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Honouring our icons

ICONS: Aretha Franklin and Clarence 'Count Prince' Miller

THE PASSING of two giants of the entertainment and showbiz landscape rocked our world last week, and on both sides of the Atlantic.

Aretha Franklin, the Queen of Soul, died in Detroit, Michigan after a battle with pancreatic cancer, while Clarence ‘Count Prince’ Miller, a man of extraordinaire talent of stage and TV fame, died in London, also after a battle with cancer. Both passed away on the same day – August 16.

Aretha Franklin’s passing will no doubt have the bigger impact of the two as her music was loved around the world. There are not many people who do not have an Aretha Franklin record in their music collection as she produced so many time-honoured songs which will resonate with also every aspect of life.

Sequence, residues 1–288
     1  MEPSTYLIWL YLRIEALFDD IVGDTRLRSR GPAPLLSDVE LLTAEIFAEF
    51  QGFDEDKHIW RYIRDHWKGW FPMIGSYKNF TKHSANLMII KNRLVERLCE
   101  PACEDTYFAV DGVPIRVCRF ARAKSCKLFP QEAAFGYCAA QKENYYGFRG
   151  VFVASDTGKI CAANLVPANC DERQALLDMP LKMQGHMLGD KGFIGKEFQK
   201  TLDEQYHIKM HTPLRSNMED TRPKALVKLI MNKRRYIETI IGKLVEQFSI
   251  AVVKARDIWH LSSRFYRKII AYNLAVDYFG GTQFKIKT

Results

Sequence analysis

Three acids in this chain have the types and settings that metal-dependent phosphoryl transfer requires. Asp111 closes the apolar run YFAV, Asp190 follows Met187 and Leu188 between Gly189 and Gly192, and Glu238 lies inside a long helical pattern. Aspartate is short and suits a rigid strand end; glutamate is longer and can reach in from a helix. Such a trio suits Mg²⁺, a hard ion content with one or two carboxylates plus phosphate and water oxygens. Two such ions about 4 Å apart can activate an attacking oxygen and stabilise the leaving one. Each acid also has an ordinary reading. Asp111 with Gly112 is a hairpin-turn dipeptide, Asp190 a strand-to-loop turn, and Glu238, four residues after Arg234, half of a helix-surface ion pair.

From the Civil Rights movement to social justice, Aretha Franklin had dedicated her life to trying to eradicate the boundaries of race, culture, gender and nationality. Her song Respect has been de- scribed as an inspirational anthem in the Civil Rights and feminist movements. So too has her global hit (You Make Me Feel Like) A Natural Woman.

Clarence Miller, or ‘Count Prince’ Miller, as he was fondly known, was a star of the stage and lm, whether performing his iconic record Mule Train, compering at ground-breaking events like the Caribbean Music Festivals at Wembley, London in 1969 and 1970 or his acting roles as Marcus Garvey in the stage musical Black Heroes in The Hall Of Fame and his occasional appearance as Vince in the popular Channel 4 black sitcom Desmond’s.

Miller’s biggest claim to fame was his associa- tion the James Bond movies in which he had a brief role in Dr. No, the first film in the franchise, where he made an appearance with the band in the Jamaican nightclub scene when James Bond star Sean Connery is accosted by a news photographer.

Miller came to England in 1964 with The Vagabonds on what was a pioneering tour which introduced a new type of music, setting the stage for Jamaican entertainers to target Britain as their next musical frontier.

The lights have gone out on two great legends, but their memories will live on forever.

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